Much of the business world, though, still considers “agent” a four-letter word. Employers see a third-party presence in a job negotiation as not only strange, but also detrimental to the process. “There’s something tainted about it,” says Crown, of Essex Partners. “There’s a sense of trust and business ethics and core values that has to come across from a business executive marketing himself that doesn’t necessarily hit the same tone as a sports star or a Hollywood star.”

An intermediary would also take away one of the hiring execs’ favorite assessment strategies: using the negotiation process to further size up a candidate, particularly when filling positions at the highest level. “If I’m hiring someone, and the candidate can’t handle the negotiation, then he or she is not the best person for the job,” says a local venture capitalist. “It’s not just a skills thing. It’s about the personality of the individual, combined with smarts and vision. It’s about chemistry.” An employer might well ask: If this prospect can’t work with us one-to-one on the negotiation, can he or she work with us at all?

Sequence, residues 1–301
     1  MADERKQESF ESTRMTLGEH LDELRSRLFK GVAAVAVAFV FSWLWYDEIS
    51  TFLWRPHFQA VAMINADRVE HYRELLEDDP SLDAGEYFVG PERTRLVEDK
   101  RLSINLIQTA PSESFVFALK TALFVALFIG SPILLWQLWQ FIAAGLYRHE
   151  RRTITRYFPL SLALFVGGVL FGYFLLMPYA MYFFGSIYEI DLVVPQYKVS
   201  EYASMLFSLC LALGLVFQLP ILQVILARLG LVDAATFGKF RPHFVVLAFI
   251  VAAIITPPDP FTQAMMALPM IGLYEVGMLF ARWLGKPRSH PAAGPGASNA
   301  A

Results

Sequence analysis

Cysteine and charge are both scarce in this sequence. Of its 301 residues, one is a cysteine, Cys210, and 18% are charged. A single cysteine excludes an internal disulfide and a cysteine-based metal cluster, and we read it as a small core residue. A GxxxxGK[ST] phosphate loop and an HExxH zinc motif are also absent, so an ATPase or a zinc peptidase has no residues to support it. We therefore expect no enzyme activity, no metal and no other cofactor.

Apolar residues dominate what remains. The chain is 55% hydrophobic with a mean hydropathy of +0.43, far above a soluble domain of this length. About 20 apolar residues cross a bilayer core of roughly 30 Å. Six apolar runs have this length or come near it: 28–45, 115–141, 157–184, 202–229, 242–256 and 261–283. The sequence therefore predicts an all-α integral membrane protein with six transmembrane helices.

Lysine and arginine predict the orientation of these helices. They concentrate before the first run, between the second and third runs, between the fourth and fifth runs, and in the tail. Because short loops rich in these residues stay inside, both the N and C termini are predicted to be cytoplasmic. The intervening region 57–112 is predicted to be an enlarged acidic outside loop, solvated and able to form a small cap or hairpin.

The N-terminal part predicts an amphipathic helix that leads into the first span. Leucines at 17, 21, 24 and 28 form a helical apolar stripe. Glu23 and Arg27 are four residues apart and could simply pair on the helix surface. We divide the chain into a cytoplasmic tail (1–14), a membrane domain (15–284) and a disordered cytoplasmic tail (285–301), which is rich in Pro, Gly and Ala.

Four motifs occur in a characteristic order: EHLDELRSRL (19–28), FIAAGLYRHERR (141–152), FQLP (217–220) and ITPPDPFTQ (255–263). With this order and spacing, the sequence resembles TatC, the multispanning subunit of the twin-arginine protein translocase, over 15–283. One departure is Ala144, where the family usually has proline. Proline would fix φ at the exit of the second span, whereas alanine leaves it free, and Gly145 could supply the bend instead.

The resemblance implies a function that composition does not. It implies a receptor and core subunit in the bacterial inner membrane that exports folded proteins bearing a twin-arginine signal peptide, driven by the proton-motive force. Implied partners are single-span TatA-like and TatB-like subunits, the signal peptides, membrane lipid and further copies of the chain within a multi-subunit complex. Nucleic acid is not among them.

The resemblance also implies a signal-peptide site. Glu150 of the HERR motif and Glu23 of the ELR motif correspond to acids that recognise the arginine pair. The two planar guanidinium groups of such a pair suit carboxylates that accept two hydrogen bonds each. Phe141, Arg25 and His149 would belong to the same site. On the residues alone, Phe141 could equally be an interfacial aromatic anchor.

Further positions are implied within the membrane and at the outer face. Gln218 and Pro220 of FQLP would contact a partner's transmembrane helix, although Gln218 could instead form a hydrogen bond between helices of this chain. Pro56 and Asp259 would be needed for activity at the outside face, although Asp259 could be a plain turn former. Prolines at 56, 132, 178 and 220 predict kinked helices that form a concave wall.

“One of the ways you build trust is to work directly with that person, and through that process you hopefully build up a relationship,” says Chris Sanzone, a partner in Sanzone & McCarthy, an employment and labor law firm in Wellesley. “Injecting a third party into that process right off the bat—it’s hard to say what the impact would be.”

And there’s the rub. Although everyone would love an agent, we all know that employers across the board would be loath to see the playing field leveled.

“The question is adoption,” says Fred Lennox, who has hired more than a few people himself. “Would employees be willing to pay for the service? And would employers be willing to interact with these agents? The latter is the more interesting conversation. To be honest, I don’t know how I would deal with that, if someone approached me with a representative.”

But at some point, it’s going to happen. Agents have become too ubiquitous and their services too desirable for it not to. Will that be a good thing? Depends which side of the table you’re sitting on.